- Capitalism. Private property and ownership of the means of production is a better economic system than a planned socialist or communist economy. Capitalism provides more growth, faster response to external conditions, more meritocratic opportunity, and is more likely to be consistent with individual freedom. Of course there are some functions that are better performed by governmental or quasi-governmental bodies, like health care, education, and policing; there need to be rules that protect the public against the excesses of private capital (e.g., monopolies); and there need to be safety nets (see below) for those who for some reason can’t compete in the private marketplace. But again, history – including the history of Israel – shows that capitalism works, and governments should do what they can to reduce friction in the market.
- Justice. Nothing is more important to ensure the cooperation of citizens and their respect for the law than the belief that they can obtain justice from the system fairly and efficiently. And Israel’s criminal and civil justice systems, including the police, the courts (up to and including the Supreme Court), as well as the tax authorities, do not inspire this kind of confidence. Improving these systems ought to be a major national goal.
- Safety nets. I mentioned this before, but it is important enough to have its own item. There are people who are limited by physical or mental disabilities who cannot provide for themselves. Sometimes it’s possible to rehabilitate them, and sometimes they must be supported by the society as a whole. Israel does a better job at this than some other countries (like the USA), but there are areas in which support is insufficient or people fall through the cracks.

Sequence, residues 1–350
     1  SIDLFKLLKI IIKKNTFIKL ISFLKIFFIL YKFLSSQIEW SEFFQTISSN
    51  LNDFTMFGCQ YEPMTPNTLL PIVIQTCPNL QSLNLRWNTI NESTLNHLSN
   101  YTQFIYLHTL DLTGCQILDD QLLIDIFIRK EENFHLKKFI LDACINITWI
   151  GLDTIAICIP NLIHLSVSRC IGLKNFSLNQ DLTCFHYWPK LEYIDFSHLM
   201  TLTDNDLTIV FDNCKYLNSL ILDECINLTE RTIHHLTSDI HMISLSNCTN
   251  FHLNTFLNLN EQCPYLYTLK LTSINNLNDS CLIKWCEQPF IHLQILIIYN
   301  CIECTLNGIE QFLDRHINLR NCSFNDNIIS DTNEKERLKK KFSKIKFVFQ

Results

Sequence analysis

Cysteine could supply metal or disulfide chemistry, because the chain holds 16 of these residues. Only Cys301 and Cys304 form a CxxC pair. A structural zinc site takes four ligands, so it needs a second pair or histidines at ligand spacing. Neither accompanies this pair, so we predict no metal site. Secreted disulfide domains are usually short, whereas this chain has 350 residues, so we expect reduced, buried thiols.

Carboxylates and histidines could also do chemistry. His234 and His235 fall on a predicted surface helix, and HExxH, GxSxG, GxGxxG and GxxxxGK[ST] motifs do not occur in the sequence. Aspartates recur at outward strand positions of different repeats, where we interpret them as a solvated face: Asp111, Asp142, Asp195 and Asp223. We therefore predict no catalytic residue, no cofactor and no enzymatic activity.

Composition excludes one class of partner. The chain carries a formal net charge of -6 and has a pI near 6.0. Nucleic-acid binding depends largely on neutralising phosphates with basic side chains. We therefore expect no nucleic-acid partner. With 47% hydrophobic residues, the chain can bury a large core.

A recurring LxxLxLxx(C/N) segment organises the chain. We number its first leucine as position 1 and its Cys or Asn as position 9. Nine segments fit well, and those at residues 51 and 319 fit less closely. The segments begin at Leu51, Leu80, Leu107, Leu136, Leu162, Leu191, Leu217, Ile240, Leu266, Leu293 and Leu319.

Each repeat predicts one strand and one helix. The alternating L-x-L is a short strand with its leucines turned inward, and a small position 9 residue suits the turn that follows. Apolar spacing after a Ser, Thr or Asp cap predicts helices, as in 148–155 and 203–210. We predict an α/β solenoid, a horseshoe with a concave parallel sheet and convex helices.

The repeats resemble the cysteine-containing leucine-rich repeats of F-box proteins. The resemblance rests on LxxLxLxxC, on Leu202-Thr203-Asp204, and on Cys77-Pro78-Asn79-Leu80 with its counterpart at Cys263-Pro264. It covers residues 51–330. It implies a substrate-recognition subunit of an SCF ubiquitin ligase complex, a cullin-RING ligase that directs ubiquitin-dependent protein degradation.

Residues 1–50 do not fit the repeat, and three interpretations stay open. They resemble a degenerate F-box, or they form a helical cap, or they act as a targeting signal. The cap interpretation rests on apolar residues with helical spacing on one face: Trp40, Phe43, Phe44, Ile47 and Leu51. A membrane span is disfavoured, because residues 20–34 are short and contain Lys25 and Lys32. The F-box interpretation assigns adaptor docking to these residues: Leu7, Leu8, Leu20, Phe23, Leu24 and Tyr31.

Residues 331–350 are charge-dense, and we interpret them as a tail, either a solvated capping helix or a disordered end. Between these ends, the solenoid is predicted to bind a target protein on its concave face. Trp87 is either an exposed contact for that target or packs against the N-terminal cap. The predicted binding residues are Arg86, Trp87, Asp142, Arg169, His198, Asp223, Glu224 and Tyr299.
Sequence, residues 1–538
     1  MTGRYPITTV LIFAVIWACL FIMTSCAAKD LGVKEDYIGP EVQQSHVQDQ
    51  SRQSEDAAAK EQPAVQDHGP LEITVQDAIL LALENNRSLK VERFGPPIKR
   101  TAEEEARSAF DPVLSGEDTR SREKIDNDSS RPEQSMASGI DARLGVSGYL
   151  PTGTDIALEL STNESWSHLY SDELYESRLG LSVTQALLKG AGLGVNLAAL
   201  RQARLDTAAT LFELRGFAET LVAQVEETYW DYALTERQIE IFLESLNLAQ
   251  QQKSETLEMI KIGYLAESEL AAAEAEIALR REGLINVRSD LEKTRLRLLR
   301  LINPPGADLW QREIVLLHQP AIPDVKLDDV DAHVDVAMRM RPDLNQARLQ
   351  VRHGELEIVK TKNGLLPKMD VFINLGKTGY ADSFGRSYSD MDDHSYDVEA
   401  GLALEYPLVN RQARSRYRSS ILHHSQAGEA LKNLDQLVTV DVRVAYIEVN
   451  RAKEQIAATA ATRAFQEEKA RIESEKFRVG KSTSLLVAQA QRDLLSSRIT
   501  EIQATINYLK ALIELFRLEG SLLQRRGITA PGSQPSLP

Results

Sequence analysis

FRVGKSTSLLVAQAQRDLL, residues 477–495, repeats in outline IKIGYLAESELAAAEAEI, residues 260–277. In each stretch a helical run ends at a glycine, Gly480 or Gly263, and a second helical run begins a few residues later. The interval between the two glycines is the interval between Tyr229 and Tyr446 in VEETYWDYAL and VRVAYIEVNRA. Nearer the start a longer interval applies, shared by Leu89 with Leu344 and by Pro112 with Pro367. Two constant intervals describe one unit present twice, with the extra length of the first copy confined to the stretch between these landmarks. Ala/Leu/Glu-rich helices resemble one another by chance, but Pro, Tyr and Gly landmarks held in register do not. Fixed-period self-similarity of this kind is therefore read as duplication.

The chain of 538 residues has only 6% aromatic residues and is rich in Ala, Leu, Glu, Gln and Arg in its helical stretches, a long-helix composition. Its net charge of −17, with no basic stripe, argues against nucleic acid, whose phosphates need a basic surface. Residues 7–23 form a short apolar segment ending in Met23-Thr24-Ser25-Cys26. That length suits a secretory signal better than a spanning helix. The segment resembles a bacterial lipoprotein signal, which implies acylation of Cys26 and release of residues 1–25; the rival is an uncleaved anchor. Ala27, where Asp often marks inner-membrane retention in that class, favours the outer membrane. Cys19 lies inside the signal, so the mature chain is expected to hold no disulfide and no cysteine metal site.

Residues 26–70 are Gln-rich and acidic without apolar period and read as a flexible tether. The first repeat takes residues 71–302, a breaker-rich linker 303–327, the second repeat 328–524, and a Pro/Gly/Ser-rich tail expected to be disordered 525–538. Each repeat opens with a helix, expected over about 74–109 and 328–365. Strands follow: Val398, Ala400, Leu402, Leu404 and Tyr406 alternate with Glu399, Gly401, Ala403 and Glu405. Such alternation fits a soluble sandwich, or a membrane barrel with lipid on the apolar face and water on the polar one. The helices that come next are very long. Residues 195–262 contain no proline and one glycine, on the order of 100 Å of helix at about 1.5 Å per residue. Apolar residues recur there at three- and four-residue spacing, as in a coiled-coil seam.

- The electoral system. I’m putting this in because of my frustration with our recent inability to obtain a stable government. It seems to me that some serious effort needs to be expended on the way we select our Knesset representatives and government ministers in order to make it possible to democratically choose them without elections every few months.
- Family law. Marriage and divorce are in the hands of the religious authorities, something that can create enormous problems for secular people, including many of the million or so immigrants from the former Soviet Union and their children, and same-sex couples. The state should provide a domestic partnership system that would provide the legal foundation for a household of any two individuals, which is entirely separate from an (optional) religious marriage. Issues like taxation, divorce and child custody, and so on could be dealt with in this framework.
These are larger goals than the short-term ones on which electoral battles are fought; but one of the reasons we bother to elect representatives is to articulate such longer-term objectives. It’s a pity they rarely pay attention to them.
This statement of goals for the Jewish state seems to me important and correct. The present election campaign is too much about ‘personalities’ and not enough about the goals of the state, and which party can best realize them.